Folders 1:1 1:44. Correspondence from Joyce Kilmer to Aline Kilmer. The date span of the letters is from 1907, before his marriage, through 1918, a few months before he was killed. Folders 1:45 1:48. Correspondence from Joyce Kilmer to Kenton Kilmer. Written from France during the former's military service in WWI, from October 1917 through July 1918. Folders 1:49 1:58. Other correspondence is to Rev. James J. Daly, S.J. as well as to Rev. Charles L. O'Donnell, C.S.C.

Series: 2. Correspondence II: Letters by the Kilmer Family (Box 1, Folders 59 72) This is Part II of the Correspondence Series. Included is correspondence by Joyce Kilmer's mother, Annie Kilburn Kilmer, as well as by his father Frederick Kilmer.

Series: 3. Correspondence III: Individual Correspondence (Box 2, Folders 1 50) This is Part III of the Correspondence Series and is comprised of alphabetically arranged correspondence from notable individuals who were friends or associates of the Kilmer family. Many of the correspondents are writers and poets of some renown.

Series: 4. Correspondence IV: Alphabetical Series (Box 2, Folders 51 54)

This is Part IV of the Correspondence Series and consists of miscellaneous correspondence to the Kilmer family, arranged alphabetically by correspondent.

Series: 5. Correspondence V: Publisher Files (Box 3, Folders 1 16)

This is Part V of the Correspondence Series. Included is correspondence from individuals requesting permission to set and publish music to poems by both JK and AK; correspondence from publishers of the Kilmer's poetry, such as the George H. Doran Company, Doubleday, Doran and Company, and G. Schirmer (publisher of the music scores of the poetry). In addition, this part includes royalty statements for both JK's and AK's poetry.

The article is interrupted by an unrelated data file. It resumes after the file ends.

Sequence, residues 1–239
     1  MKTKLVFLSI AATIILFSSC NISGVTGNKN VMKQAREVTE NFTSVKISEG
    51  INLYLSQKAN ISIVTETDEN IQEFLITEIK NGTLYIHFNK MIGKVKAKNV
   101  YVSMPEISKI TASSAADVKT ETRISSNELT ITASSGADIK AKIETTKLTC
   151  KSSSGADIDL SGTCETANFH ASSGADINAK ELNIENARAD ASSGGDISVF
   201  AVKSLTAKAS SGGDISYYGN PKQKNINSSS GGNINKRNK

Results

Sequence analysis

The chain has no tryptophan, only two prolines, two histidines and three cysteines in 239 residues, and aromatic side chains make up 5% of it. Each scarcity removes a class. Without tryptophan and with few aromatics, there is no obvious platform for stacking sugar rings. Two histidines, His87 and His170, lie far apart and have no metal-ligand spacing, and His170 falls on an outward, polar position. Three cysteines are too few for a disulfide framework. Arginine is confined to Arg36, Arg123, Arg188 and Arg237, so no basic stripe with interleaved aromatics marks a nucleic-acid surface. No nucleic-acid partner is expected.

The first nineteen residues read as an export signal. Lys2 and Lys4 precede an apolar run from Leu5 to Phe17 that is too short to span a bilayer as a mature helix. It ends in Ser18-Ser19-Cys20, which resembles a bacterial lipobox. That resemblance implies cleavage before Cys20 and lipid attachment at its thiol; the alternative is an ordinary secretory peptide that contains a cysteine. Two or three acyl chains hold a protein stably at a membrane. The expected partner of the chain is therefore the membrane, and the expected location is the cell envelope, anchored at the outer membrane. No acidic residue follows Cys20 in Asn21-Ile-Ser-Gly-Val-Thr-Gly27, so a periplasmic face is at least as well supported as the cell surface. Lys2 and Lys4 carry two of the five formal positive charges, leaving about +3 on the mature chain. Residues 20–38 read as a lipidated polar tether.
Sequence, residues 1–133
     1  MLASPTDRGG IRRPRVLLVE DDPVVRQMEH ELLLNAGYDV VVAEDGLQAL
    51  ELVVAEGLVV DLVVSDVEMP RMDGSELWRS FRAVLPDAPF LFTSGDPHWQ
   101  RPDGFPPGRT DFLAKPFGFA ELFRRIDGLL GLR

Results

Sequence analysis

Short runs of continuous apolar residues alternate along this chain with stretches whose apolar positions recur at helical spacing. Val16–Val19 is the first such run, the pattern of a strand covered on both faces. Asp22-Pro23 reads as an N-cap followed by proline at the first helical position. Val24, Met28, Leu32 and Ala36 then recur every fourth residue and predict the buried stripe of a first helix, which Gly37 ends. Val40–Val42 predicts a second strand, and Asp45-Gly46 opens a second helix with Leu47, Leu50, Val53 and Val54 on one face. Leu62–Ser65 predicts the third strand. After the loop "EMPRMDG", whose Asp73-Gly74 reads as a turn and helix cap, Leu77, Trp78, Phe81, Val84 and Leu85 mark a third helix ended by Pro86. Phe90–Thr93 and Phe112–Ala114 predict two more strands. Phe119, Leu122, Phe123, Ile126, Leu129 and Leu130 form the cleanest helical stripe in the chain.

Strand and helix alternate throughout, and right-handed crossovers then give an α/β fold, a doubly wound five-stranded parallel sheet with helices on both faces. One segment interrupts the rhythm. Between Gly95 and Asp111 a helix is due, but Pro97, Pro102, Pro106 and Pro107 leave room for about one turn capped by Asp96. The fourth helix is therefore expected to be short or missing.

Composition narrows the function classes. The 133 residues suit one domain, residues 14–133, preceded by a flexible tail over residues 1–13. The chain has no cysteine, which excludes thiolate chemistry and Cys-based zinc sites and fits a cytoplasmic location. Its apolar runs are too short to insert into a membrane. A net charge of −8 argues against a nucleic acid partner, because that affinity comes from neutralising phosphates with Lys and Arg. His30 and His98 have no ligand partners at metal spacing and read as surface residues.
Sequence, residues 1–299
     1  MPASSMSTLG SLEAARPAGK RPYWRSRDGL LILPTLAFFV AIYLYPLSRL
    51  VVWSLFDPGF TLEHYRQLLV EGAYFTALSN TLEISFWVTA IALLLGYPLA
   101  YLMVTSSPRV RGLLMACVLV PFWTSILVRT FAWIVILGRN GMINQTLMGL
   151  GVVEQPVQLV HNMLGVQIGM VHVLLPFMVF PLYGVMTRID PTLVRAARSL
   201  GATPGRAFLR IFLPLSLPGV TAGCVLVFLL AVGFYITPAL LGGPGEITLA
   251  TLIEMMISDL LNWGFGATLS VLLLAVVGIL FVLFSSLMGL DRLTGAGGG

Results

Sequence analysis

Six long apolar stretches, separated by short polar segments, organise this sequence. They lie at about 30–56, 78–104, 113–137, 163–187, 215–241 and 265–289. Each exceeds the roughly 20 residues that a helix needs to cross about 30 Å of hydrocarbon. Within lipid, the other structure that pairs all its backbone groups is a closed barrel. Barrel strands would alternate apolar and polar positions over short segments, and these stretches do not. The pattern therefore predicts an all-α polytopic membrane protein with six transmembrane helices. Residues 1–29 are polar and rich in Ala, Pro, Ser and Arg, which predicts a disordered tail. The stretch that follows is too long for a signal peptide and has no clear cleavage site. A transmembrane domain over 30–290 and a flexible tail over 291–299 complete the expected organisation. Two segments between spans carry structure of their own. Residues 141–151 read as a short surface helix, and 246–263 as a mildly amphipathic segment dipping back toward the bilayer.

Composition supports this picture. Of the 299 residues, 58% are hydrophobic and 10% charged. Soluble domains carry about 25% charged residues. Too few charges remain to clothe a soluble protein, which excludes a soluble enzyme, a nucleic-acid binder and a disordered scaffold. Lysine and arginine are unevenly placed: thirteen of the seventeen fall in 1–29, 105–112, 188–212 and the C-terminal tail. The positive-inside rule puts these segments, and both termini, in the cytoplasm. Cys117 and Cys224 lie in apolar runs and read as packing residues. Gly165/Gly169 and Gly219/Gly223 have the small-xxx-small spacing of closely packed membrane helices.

Series: 6. Manuscripts I: Joyce Kilmer (Box 3, Folders 17 26)

This is Part I of the Manuscripts Series which consists of manuscripts by Joyce Kilmer. Arrangement is alphabetical by title.

Series: 7. Manuscripts II: Works by Others (Box 3, Folders 27 32; Box 4, Folders 1 5)

This is Part II of the Manuscripts Series, and consists of manuscripts sent to the Kilmers by other writers and poets. Arranged alphabetically by author.

Series: 8. Printed Matter & Photographs (Box 4, Folders 6 19)

This series consists of copies of published music scores of JK's poems; and articles and newsclippings about JK and his family. Also included are photographs of such notable figures as Rev. James J. Daly, S.J., Rev. Charles L. O'Donnell, C.S.C., Margaret Widdemer, and William Butler Yeats. ABBREVIATIONS

ACS Autograph card signed